Whose fault is bad science understanding?

I’ve been forwarded the following from one of our teaching development staff – it’s a transcript of a very recent lecture by Prof Ian Chubb, Australia’s Chief Scientist.


In the lecture, Prof Chubb comments on the lack of science understanding in the country as a whole and how this leads to the country being held back in the long-term. The climate change issue is a big example that he talks about – and is of course an extremely political beast in Australia. (It shouldn’t be – it’s an extremely scientific beast). However, rather than just moaning that this malaise is the fault of short-sighted vote-hungry governments or a failing education system, he throws down the challenge to scientists themselves – it is the responsibility of every scientist (which means me) to get out there and do something about the public’s understanding of what science is and is not about, and what it does and does not do.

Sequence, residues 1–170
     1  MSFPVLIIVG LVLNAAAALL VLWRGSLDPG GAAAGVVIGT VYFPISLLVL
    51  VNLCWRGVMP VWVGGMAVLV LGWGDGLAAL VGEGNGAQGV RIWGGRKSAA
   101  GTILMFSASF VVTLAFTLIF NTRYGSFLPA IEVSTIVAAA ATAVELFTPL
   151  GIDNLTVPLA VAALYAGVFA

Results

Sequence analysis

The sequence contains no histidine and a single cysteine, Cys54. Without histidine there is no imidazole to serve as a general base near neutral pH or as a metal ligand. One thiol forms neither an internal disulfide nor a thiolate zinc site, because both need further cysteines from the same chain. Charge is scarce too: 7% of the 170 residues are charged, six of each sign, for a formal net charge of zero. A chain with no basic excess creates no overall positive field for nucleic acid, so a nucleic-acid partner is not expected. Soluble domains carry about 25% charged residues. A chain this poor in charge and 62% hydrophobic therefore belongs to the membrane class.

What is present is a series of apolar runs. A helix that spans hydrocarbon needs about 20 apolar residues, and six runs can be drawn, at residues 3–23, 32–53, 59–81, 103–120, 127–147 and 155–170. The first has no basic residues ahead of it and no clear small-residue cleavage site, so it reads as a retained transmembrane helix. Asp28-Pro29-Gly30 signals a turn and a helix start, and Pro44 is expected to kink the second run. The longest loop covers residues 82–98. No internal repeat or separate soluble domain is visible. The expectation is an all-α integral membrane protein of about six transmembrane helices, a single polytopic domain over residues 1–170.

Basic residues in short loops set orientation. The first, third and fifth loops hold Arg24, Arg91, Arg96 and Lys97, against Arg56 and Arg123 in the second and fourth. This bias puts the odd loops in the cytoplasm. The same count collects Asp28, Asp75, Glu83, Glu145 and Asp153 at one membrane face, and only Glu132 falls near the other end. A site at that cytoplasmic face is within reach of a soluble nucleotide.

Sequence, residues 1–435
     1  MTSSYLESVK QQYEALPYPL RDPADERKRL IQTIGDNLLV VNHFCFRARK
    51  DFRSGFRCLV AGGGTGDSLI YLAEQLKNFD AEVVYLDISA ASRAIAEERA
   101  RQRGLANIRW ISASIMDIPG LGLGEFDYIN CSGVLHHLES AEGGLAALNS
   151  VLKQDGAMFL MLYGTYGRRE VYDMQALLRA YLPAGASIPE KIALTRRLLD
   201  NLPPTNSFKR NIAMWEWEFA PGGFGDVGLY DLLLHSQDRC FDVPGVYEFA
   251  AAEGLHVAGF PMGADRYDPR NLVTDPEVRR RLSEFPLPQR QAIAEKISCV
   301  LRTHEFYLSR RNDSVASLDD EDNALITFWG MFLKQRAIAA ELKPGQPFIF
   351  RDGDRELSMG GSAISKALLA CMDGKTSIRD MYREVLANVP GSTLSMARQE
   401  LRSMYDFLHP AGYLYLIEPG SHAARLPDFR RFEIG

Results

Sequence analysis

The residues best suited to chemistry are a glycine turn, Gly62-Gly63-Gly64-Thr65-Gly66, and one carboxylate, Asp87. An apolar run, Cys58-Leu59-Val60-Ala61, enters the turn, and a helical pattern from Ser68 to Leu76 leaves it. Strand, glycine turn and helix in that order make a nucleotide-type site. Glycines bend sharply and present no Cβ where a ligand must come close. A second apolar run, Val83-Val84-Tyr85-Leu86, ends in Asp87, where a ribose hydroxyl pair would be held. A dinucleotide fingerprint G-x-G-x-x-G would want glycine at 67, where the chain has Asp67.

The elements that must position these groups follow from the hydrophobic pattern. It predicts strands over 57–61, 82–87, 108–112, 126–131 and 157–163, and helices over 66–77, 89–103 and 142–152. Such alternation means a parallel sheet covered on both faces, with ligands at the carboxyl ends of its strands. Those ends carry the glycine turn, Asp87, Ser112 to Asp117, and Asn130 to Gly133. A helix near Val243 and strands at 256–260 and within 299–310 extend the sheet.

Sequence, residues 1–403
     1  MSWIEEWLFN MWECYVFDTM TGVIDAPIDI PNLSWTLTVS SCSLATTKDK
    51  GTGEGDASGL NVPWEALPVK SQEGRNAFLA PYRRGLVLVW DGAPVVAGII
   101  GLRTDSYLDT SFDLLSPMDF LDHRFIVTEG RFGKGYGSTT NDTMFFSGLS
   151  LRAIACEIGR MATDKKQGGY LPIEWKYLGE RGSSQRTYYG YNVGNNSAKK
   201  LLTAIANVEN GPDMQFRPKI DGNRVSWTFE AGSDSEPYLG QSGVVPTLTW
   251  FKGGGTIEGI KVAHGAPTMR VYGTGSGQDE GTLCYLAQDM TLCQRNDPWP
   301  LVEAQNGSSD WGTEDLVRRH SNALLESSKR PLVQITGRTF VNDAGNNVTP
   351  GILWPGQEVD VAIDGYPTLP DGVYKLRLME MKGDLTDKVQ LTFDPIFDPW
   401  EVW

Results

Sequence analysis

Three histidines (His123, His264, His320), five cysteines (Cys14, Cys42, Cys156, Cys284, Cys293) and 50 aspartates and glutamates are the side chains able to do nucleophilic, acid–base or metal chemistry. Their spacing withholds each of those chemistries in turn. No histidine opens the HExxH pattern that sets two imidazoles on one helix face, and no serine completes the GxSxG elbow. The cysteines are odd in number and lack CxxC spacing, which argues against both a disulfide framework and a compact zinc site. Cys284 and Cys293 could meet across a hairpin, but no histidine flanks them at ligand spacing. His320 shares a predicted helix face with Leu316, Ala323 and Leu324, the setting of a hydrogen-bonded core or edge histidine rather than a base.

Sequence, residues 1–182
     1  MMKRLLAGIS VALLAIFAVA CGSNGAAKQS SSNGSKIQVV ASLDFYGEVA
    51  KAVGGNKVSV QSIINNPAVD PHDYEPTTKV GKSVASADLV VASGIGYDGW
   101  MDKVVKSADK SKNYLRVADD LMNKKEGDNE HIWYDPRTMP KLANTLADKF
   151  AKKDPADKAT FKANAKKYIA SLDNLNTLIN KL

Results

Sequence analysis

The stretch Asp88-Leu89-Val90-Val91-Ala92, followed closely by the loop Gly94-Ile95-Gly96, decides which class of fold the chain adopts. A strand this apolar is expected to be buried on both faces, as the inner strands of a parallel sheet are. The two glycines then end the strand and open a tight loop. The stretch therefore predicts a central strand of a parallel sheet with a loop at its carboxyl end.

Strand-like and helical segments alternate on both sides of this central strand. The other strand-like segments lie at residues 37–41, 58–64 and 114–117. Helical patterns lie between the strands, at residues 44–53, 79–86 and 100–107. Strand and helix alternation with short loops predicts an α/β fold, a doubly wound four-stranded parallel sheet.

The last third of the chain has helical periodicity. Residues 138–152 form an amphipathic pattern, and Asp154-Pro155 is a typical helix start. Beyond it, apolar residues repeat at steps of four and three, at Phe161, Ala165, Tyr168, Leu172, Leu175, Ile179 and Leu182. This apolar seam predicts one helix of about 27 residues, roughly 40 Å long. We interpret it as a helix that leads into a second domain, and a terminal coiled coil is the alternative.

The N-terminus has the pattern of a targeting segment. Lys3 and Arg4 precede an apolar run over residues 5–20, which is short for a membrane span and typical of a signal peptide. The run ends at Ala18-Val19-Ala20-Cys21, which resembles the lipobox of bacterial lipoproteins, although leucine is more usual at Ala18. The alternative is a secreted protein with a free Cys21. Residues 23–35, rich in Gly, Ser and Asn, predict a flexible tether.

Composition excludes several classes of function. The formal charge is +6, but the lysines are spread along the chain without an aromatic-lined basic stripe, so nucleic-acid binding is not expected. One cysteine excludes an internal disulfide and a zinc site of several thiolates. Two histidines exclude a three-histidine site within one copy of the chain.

That’s what initiatives like Cafe Scientifique and Sciblogs ( www.sciblogs.co.nz  for those not reading this post through that website already) are all about. It’s no use us sitting in our offices and looking back to the good-old-days (if, indeed, they every existed) when governments funded science and universities properly – that’s not going to change anything. Scientists, says Prof Chubb, need to be advocates of science.

…if science is not properly valued – part of the problem is that we have not been vigorous or vociferous enough in our protection of it or perhaps more importantly, in our communication of it. We need to be advocates."

I’m off to the NZ Institute of Physics Congress in Wellington next week where there will be communication of science between scientists and other scientists and also between scientists and non-scientists.  It should be an interesting conference and it will be nice to escape the university for a few days.



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